4 5 22 mill girls (social studies)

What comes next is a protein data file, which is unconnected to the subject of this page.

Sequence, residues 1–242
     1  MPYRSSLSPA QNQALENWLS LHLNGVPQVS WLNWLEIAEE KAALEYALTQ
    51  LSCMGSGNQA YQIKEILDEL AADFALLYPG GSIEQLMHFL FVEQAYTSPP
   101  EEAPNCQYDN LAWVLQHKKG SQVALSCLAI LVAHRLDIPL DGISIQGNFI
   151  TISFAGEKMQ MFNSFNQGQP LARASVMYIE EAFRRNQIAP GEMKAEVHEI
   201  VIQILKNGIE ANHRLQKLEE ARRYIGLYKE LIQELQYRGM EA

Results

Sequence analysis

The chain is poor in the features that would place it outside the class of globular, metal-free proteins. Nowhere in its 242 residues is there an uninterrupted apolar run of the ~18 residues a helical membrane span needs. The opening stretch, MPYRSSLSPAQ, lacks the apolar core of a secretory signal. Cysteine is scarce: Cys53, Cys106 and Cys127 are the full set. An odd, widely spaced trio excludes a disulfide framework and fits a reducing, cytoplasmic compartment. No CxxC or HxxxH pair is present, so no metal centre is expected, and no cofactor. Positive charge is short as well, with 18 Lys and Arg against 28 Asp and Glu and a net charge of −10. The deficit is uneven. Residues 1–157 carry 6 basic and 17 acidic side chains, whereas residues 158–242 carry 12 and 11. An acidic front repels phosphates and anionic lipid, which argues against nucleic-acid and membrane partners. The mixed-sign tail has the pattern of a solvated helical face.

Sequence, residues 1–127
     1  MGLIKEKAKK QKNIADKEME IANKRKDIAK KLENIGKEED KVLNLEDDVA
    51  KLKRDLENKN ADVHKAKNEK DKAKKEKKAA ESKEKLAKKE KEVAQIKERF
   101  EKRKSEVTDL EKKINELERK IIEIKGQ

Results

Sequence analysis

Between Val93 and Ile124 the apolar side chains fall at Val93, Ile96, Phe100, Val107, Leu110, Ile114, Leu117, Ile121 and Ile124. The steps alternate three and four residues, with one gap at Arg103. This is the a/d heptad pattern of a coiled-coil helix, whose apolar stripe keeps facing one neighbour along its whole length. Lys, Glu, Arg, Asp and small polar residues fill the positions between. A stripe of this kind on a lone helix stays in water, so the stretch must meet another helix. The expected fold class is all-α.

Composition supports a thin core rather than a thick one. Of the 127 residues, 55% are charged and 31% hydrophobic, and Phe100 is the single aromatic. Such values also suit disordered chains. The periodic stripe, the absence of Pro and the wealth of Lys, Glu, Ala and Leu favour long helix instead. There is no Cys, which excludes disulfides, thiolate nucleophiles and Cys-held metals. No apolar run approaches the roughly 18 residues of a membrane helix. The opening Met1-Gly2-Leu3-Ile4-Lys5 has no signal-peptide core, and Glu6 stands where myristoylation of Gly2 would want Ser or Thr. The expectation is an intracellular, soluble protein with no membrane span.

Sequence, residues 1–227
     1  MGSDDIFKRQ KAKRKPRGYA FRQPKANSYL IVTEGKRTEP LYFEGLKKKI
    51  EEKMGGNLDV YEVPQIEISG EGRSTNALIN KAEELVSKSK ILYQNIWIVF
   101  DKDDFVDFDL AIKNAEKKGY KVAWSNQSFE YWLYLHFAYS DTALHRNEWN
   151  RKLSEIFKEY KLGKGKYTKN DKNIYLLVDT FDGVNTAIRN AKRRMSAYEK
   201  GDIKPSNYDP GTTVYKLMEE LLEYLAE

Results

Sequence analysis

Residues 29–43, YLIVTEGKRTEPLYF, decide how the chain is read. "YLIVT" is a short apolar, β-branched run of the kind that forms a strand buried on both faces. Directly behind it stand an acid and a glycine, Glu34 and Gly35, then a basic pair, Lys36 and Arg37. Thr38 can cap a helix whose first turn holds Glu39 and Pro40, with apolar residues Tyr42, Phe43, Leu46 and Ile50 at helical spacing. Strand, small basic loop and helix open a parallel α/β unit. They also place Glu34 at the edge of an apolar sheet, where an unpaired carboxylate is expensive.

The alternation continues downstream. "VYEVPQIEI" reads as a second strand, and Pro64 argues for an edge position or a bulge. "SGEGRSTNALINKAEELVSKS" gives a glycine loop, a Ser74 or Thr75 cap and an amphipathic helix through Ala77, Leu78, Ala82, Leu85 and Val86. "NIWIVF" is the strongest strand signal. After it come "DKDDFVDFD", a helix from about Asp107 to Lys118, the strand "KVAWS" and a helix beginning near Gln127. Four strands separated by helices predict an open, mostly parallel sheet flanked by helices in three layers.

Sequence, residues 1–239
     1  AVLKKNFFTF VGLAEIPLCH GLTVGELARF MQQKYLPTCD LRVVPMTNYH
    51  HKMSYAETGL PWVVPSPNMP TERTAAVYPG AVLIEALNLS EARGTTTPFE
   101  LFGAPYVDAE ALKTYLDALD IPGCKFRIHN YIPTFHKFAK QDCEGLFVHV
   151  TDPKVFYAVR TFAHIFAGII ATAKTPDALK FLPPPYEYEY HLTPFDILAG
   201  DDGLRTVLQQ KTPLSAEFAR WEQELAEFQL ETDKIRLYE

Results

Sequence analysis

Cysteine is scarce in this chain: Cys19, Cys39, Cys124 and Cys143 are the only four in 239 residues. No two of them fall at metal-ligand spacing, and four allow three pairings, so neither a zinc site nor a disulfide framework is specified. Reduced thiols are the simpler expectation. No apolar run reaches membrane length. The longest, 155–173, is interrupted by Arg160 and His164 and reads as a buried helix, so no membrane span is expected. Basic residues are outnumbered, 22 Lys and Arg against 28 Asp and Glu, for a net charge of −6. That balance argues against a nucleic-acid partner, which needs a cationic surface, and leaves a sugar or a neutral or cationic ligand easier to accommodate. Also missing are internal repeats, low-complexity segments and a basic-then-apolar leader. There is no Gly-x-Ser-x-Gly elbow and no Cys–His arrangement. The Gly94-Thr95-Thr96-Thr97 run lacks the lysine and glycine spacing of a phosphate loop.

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Mill Girls by Anne Kasper H O UG H T O N MIF F L IN Mill Girls by Anne Kasper ILLUSTRATION CREDIT: Len Ebert PHOTOGRAPHY CREDITS: Cover © Bettmann/Corbis; Cover, 3–14 (border) © Getty Images; tp, 3–5 © Bettmann/Corbis; © Library of Congress, Prints & Photographs Division, National Child Labor Committee Collection,; 7–8 © Bettmann/ Corbis; 11 © Underwood & Underwood/Corbis; 13 13 © Polka Dot Images/SuperStock; 14 © Bob Sciarrino/Star Ledger/ Corbis Copyright © by Houghton Mifflin Harcourt Publishing Company All rights reserved No part of this work may be reproduced or transmitted in any form or by any means, electronic or mechanical, including photocopying or recording, or by any information storage and retrieval system, without the prior written permission of the copyright owner unless such copying is expressly permitted by federal copyright law Requests for permission to make copies of any part of the work should be addressed to Houghton Mifflin Harcourt School Publishers, Attn: Permissions, 6277 Sea Harbor Drive, Orlando, Florida 32887-6777 Printed in China ISBN-13: 978-0-547-02330-4 ISBN-10: 0-547-02330-8 0940 18 17 16 15 14 13 12 11 If you have received these materials as examination copies free of charge, Houghton Mifflin Harcourt School Publishers retains title to the materials and they may not be resold Resale of examination copies is strictly prohibited Possession of this publication in print format does not entitle users to convert this publication, or any portion of it, into electronic format Table of Contents Moving to the City Life on the Farm A New Life Jobs at the Mill A Day in the Life Opening Doors On Strike Speaking Out 10 Women’s Suffrage Movement 11 Creating Change 13 Important Dates in Women’s History 14 Moving to the City In the early 1800s, thousands of young women in New England left their farm homes They moved to cities to find work in America’s first textile mills These mills made woven cloth from cotton that was spun into thread Moving to the city was a big change for these women Textile mills were large and noisy factories Early textile mills were run by waterpower Life on the Farm Before textile mills and other factories were built in New England, most women worked on their family’s farm Life on the farm was hard work Women had to cook, clean, care for children, and help raise crops Many also made their own clothing, soap, and candles Women used to spin their own thread Many workers spent their first earnings on new clothes A New Life The opportunity to work in the textile mills provided women with a chance to live on their own and earn their own money for the first time in their lives In the 1830s and 1840s, these young “mill girls” worked in New England textile mills They often lived in boardinghouses owned by the factories Jobs at the Mill The women had different duties at the mill Some workers watched over spinning machines that spun cotton into thread Others collected full bobbins of thread and carried them to the looms There, weavers operated giant looms that turned thread into cloth Bobbin Loom A loom was a machine used in textile mills to weave cloth The bobbin was a part that held thread Working in a mill meant that women were on their feet for hours A Day in the Life Imagine working at a textile mill in the 1840s Your day begins at five o’clock in the morning Inside the mill, it is hot and noisy, and the air is filled with lint The machinery is dangerous You might stand at a loom and tie broken threads again and again After twelve hours, your shift ends, and it’s time to go home You are exhausted Opening Doors Although the work was exhausting, the textile mills changed the lives of the mill girls Many workers spent their free time reading and attending lectures or talks This showed the country that women were both intelligent and informed Some workers even saved their money to become some of the first women to attend college Mill workers in Lowell, Massachusetts, published their own magazine On Strike As time passed, mill workers’ lives became more difficult Women worked longer hours and earned less pay The factories also were dangerous Some workers were injured when their arms or hands were caught in machines In many cases, the mill owners denied that anything was wrong To fight back, factory women began to organize strikes called turn-outs Some were well organized, while others were disorderly The first turn-out occurred in Rhode Island, in 1824, when several mills announced that workers would have to work longer hours Speaking Out As mill workers learned about politics, they took their protests to the next level In the 1840s, women could not vote, so they began sending petitions to the Massachusetts legislature asking for an amendment to make a ten-hour workday the longest amount of time a person could work The law wasn’t changed, but the women succeeded in getting their voices heard In the 1840s, women working at mills in Lowell, Massachusetts, formed a group to protest low pay and poor conditions This group, led by a woman named Sarah Bagley, became the first official group of women to work together to fight for better conditions and higher pay 10 Women’s Suffrage Movement Because women did not have the right to vote, mill workers did not get to approve the candidates who made the laws that affected them For this reason, many joined the women’s suffrage movement, a group that fought for the women’s right to go to the polls and vote Women in the United States finally won the right to vote in 1920 11 How Women’s Work Has Changed Before the Rise of Factories and Mills After the Rise of Factories and Mills Today housewife factory worker doctor child caring telephone operator lawyer schoolteacher nurse politician servant secretary journalist schoolteacher firefighter police officer engineer accountant stockbroker FBI agent professor archaeologist astronaut much, much more 12 Creating Change The story of New England’s female textile workers shows how a small group can change the country Throughout American history, people have fought for change Harriet Tubman led enslaved workers to freedom on the Underground Railroad, and Dr Martin Luther King, Jr led the civil rights movement Maybe one day you will change the world, too! Today, women in the United States can pursue any career they choose 13 Important Dates in Women’s History 1793 — America’s first water-powered textile mill opens It was built in Rhode Island by Samuel Slater 1822 — First planned textile city developed in Lowell, Massachusetts 1824 — First turn-out held by textile workers 1844 — Textile workers begin petitioning the Massachusetts legislature for ten-hour workdays 1869 — The National Women’s Suffrage Association formed to fight for women’s right to vote 1920 — The Nineteenth Amendment gives women the right to vote in the United States Nowadays, women not only vote, they can be mayors, governors, and much more 14 Responding Word Builder The word informed means “in the know.” What things people use to stay informed? What things they use for entertainment? What things can both inform and entertain? TARGET VOCABULARY Things Used to Stay Informed Weather report Both Things Used to Be Entertained Newspaper Movies ? ? ? Write About It Text to Self The mill girls felt strongly about getting their voices heard Write a paragraph in which you describe something that you feel very strongly about Use two words from the Word Builder in your writing 15 TARGET VOCABULARY amendment approve candidates denied disorderly informed intelligent legislature politics polls Infer/Predict Use text clues to figure out what isn’t directly stated by the author TARGET STRATEGY What vocabulary word rhymes with something that woodpeckers make in trees? 16 Level: S DRA: 40 Social Studies Strategy: Infer/Predict Word Count: 884 4.5.22 Build Vocabulary HOUGHTON MIFFLIN Online Leveled Books ISBN-13:978-0-547-02330-4 ISBN-10:0-547-02330-8 1032229 ... textile mills These mills made woven cloth from cotton that was spun into thread Moving to the city was a big change for these women Textile mills were large and noisy factories Early textile mills... work in the textile mills provided women with a chance to live on their own and earn their own money for the first time in their lives In the 1830s and 1840s, these young mill girls worked in... girls worked in New England textile mills They often lived in boardinghouses owned by the factories Jobs at the Mill The women had different duties at the mill Some workers watched over spinning